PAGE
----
Finding out how to become a Washington County, Arkansas sheriff’s deputy will make you a more informed and ready candidate. Washington County deputy sheriff jobs are competitive, so it is advantageous to be organized and know the application process, which follows these basic steps:
- Complete an application
- Physical agility test
- Background check and polygraph test
- Medical and psychological evaluation
- Departmental experience
- Training academy
Step 1. Complete You Application
The first step towards attaining Washington County sheriff’s department jobs is to complete an application fully and accurately. As obvious as this may sound, many candidates are disqualified from the start because of incomplete applications or failing to meet the minimum requirements for sheriff deputy jobs in Washington County, which are:
- 21 years of age or older
- U.S. citizen
- High school diploma or GED
- Driver’s license
- No felony or domestic violence convictions
- Good moral character
Applications can be found online, filled out Monday through Friday from 8am to 4pm in the Washington County human resources office located in Fayetteville, or faxed to the same office at (479) 444-1731.
Step 2. Physical Agility Test
A physical agility test is required before your initial interview and includes the most basic tasks you must be able complete. This test consists of a timed series of sit-ups (25), push-ups (20), and running a short distance (about one mile). Later in the process you will be required to complete a much more intensive physical test, but you will have ample training before this.
Step 3. Interview
This will be your first official interview, conducted by one or more sheriff’s officials to get a sense of your character, intelligence, and interpersonal skills. You will be questioned about your previous employment, academic, financial, criminal, and personal history. During this interview it will be determined if there are any red flags you raise for the sheriff’s department. If successful you will proceed to the next step which involves a more personal and thorough examination of your past.
Step 4. Background Check and Polygraph Test
The sheriff’s department will require you to complete a questionnaire listing your significant relations and family members. You may also be required to list previous employers, traffic violations, criminal history, and financial institutions with which you have dealt. Background investigations usually take a few weeks to complete, and depending on the results you may be required to complete a polygraph examination. Questions asked on the background questionnaire and polygraph are similar, and may include:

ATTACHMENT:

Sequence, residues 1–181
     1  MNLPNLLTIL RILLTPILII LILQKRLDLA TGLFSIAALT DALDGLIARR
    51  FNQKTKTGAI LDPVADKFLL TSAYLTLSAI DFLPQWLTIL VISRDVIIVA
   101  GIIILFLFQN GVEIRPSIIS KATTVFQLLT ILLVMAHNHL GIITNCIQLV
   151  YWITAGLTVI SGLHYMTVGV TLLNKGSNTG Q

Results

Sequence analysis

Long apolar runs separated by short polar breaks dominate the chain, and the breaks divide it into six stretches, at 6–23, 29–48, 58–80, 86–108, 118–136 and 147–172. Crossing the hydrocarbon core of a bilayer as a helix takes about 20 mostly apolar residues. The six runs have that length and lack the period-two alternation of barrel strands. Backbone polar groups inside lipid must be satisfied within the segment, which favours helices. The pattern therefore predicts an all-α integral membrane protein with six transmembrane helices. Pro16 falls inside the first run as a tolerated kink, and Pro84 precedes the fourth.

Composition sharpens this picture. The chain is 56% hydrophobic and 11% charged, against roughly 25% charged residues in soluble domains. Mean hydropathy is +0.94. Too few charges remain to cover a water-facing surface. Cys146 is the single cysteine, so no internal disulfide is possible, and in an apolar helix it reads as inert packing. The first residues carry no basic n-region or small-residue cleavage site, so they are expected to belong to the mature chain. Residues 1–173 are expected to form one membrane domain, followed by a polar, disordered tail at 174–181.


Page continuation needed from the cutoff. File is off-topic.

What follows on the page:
- Description of any past illegal drug use
- Elaboration on any illegal activity you have participated in, even if you were not caught
- Causes of strife between you and your significant relations, past and present
- Motivations for wanting to become a deputy sheriff
- Reasons for any defaults or delinquent payments
You should be completely honest and open during this process. Sheriff’s department officials are trying to determine how trustworthy and honest you are, and a large portion of this assessment is not based on your past but instead on how you answer difficult questions in the present. If you are found to have lied or intentionally misrepresented yourself this will be grounds for immediate termination of your employment or application, and may have additional legal ramifications.
Step 5. Medical Exam and Psychological Evaluation
Your medical exam is conducted to assess your overall internal health and ensure you will not experience any immediate future health problems for which the sheriff’s department may be held liable. The psychological evaluation fulfills a similar role and determines the state of your mental health. You must also be in good mental and medical health because sheriff deputy jobs in Washington County are both physically and mentally demanding.
Step 6. Experience within the Department
The Washington County Sheriff’s Department has the policy of requiring prospective deputies to first work in another part of the sheriff’s department. This allows you get a feel of the overall rhythm of the department and get to know your coworkers. An additional reason for this requirement is the low turnover for deputies; initially there may not be an opening and in the meantime you can gain other related sheriff’s department training as a corrections officer or police dispatcher. As a general rule it will be at least six months before you are considered for the sheriff’s deputy training academy.
Step 7. Get Your Training at the POST Academy
Your final step is to complete the Arkansas Peace Officer Standards and Training (POST)-certified deputy training academy. This lasts a few months and you will live on-location at the academy, being allowed weekend leave. During the academy you will be trained in all the basic skills you will use as a law enforcement officer, including:
- Report writing
- Firearms training
- Legal procedures
- CPR and first aid
- Fitness and agility
- Tactical driving pit maneuver
- Survival skills
You will also be required to meet certain fitness standards but will have ample training throughout your time in the academy to prepare for these. Completion of an obstacle course may also be required that includes:
- Dead-weight drag of 165 pound dummy 15 yards
- Fence jumping
- Stalled vehicle simulation push
- Balance test
- Confined space pursuit
Upon completion of the deputy training academy you may begin your career with the Washington County Sheriff’s Department as an Arkansas-certified peace officer.